Street drugs are always a mixed bag
Whether it’s a “rock” or “dime bag,” every drug (no matter the quantity) purchased illegally isn’t going to be in its purest form. Why? For the dealers, it’s all about quantity and not quality.
“Anyone who thinks they are getting pure cocaine, oxys, M30s, Percocet or another hallucinogen and stimulant should assume that it contains fentanyl and other poisonous substances,” Dr. Kuhn said. “These substances are either put in there intentionally, known as adulteration, for some ‘beneficial’ effect or unintentionally due to accidental cross-contamination or an imperfect manufacturing process.”
Adulteration occurs for many reasons, whether it be to make more doses, enhance or mimic the pharmacological effects of another drug or to mimic the taste of a purer product.
Most often adulterants are substances that are readily available, like caffeine, mannitol or lactose. On the other extreme, the largest number of fillers come from a mix of other adulterants like fentanyl, xylazine, antifreeze and arsenic, which are associated with an increase in the risk of overdose and death.
“Often drug dealers are using fentanyl as a substitute for heroin, because it’s more potent, in greater supply, and likely less expensive to manufacturer,” Dr. Kuhn said. “Research has shown that xylazine is increasingly being added to the fentanyl supply to enhance the effects of fentanyl. When you have those two things together, you’re going to have a stronger, more dangerous effect.”
A growing number of overdose deaths as of late have been linked to these two substances. Fentanyl is a factor in more than half of overdose deaths, and xylazine is on the rise. In one study of 10 states, xylazine was detected in fewer than 1% of overdose deaths in 2015, but in 2020, it was detected in more than 6%.
Adulterants and contamination make overdose treatment harder
Medical experts have developed overdose treatments over the years to treat things like opioid and benzodiazepine overdoses, but substances like xylazine are making treatment harder.
“Sometimes we really struggle to treat patients who overdose on xylazine, because they don’t respond as we would normally expect standard overdose patients to respond,” Dr. Kuhn said. “We aren’t getting the predictable response we historically have seen, which is troubling.”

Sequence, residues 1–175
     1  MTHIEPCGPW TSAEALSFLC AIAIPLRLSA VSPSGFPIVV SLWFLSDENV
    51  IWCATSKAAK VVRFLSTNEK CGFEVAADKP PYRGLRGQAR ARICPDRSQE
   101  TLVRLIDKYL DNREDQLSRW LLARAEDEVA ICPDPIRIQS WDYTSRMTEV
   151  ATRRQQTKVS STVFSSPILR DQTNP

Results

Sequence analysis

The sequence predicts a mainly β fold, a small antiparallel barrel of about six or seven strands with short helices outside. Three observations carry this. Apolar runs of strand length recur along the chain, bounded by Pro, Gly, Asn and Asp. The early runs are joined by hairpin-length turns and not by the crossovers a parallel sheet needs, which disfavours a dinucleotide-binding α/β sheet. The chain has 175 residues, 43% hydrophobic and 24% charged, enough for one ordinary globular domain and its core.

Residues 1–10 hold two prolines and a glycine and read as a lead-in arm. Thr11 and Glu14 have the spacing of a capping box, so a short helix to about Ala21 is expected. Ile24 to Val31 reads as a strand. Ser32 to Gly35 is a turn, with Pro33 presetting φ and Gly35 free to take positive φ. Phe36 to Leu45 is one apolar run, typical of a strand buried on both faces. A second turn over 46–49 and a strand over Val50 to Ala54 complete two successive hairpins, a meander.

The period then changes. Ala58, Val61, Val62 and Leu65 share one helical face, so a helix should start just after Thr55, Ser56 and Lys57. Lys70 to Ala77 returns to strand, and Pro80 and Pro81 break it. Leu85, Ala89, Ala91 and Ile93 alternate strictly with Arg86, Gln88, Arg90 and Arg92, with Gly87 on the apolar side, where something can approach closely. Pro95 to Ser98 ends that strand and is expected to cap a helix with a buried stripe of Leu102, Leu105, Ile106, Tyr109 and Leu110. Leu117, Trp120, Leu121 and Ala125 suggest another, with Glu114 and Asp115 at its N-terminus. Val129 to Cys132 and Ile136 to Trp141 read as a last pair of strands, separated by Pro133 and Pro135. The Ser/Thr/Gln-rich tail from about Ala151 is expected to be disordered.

Naloxone is an overdose reversal medication that is given to quickly restore breathing to patients who overdose on opioid substances like fentanyl or heroin. Unfortunately, xylazine isn’t an opioid, which means naloxone doesn’t address the impact it has on breathing.
While this is true, Dr. Kuhn said naloxone and overdose treatments are still critical, so he cautioned to call 911 and get immediate help if someone you know overdoses.
“Naloxone can prevent death from an opioid overdose if administered in time,” Dr. Kuhn said. “So don’t wait to figure out what you or someone else has taken if experiencing symptoms of an overdose. Get help.”
[Also read “Naloxone: The Truth About This Life-Saving Drug.”]
Every single time you buy drugs, you’re putting your health and life at risk. Most drugs these days are laced with deadly additives that can increase your risk for overdosing or death. The most obvious way to avoid overdosing is to avoid illicit drugs altogether.
Be sure to talk to your children about the dangers of substance abuse as well. Illegal and prescription drug abuse is an important topic for parents to address with their kids—not to scare them, but to educate them on the risks of misusing them.
“These drugs rarely have just the drug that it contains,” Dr. Kuhn said. “While some of your child’s friends may be fine after taking a drug, another friend may not be so lucky. It’s hard to know exactly what’s in a drug or how they’ll react, so it’s best to steer clear of illicit drugs.”
If you or a loved one are struggling with substance use or addiction, contact Banner Behavioral Health Hospital at 800-254-4357 or the Substance Abuse and Mental Health Services Administration National Helpline at 800-662-4357.